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Export Format with maximum quality?

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guy jonesExport Format with maximum quality?
by on Apr 13, 2012 at 7:36:58 pm

Hi, as all users know there are many export option in After Effects, and only one of them is 'Uncompressed'.
The thing is, 'uncompressed' will render a RAW/original file of say 10mb into something about 10x bigger!!!
It's also an AVI file, which is ancient in terms of formats, and possibly the reason it becomes so big (not as sophisticated processing? just a thought.

The uncompressed/pure/maximum quality file should only be AS big as the original surely?

Anyway, thankyou for letting me air that confusion, the real question is, I'm trying to avoid having to purchase an Adobe 'Production Premium' bundle to get the 'dynamic link' that bypasses rendering between applications - I only use After Effects and Premier and don't want to pay for the other programs wrapped with them! - what is the next best option to preserve video quality as you go from AE to Pr?

thankyou!
Guy


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Walter SoykaRe: Export Format with maximum quality?
by on Apr 13, 2012 at 9:02:29 pm

AE's default lossless output module generates an intermediate file that is designed for additional post-production use, not direct playback. These files are generally huge, with very high data rates, and very few computers can play them back in real time without stuttering. For more, see this Adobe FAQ [link]: Why is my output file huge, and why doesn't it play back smoothly in a media player?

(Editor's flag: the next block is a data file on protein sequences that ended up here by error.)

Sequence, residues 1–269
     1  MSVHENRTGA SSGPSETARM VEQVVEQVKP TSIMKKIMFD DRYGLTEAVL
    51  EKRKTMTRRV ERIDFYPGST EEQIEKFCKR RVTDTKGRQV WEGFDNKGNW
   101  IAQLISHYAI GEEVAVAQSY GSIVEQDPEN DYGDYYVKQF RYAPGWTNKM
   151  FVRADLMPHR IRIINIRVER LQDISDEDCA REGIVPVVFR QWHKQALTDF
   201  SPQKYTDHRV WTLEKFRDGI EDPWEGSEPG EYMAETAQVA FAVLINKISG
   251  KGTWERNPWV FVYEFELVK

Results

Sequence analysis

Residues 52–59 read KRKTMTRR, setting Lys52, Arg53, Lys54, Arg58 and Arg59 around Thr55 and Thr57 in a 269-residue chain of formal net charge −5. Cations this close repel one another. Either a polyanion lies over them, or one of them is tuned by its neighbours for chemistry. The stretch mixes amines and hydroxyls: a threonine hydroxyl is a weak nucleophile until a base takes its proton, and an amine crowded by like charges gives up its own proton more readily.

To help you choose a more suitable format for your needs, see the related Adobe FAQ [link]: What is the best format for rendering and exporting from After Effects?


[guy jones] "Hi, as all users know there are many export option in After Effects, and only one of them is 'Uncompressed'. The thing is, 'uncompressed' will render a RAW/original file of say 10mb into something about 10x bigger!!! It's also an AVI file, which is ancient in terms of formats, and possibly the reason it becomes so big (not as sophisticated processing? just a thought."

Not exactly. It is larger because uncompressed codecs prioritizes quality over file size. AVI is just a container; it's the codec that makes a file large or small.

Your 10MB file is presumably very highly compressed -- it has thrown away visual information to get the file size down.

An uncompressed version of exactly the same visual throws nothing away, and represents every single pixel in every single frame without making any efforts at reducing file size.

It's the same reason that an uncompressed TIFF will be larger than a compressed JPEG, even starting from the same source image.


[guy jones] "I'm trying to avoid having to purchase an Adobe 'Production Premium' bundle to get the 'dynamic link' that bypasses rendering between applications - I only use After Effects and Premier and don't want to pay for the other programs wrapped with them! - what is the next best option to preserve video quality as you go from AE to Pr?"

After Effects is $999. Premiere Pro is $799. Production Premium is $1699.

You're not paying extra for programs you don't need; you're getting Photoshop, Illustrator, Audition, Flash, etc. for free.

Walter Soyka
Principal & Designer at Keen Live
Motion Graphics, Widescreen Events, Presentation Design, and Consulting
RenderBreak Blog - What I'm thinking when my workstation's thinking
Creative Cow Forum Host: Live & Stage Events


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Erik WaluskaRe: Export Format with maximum quality?
by on Apr 14, 2012 at 4:53:30 am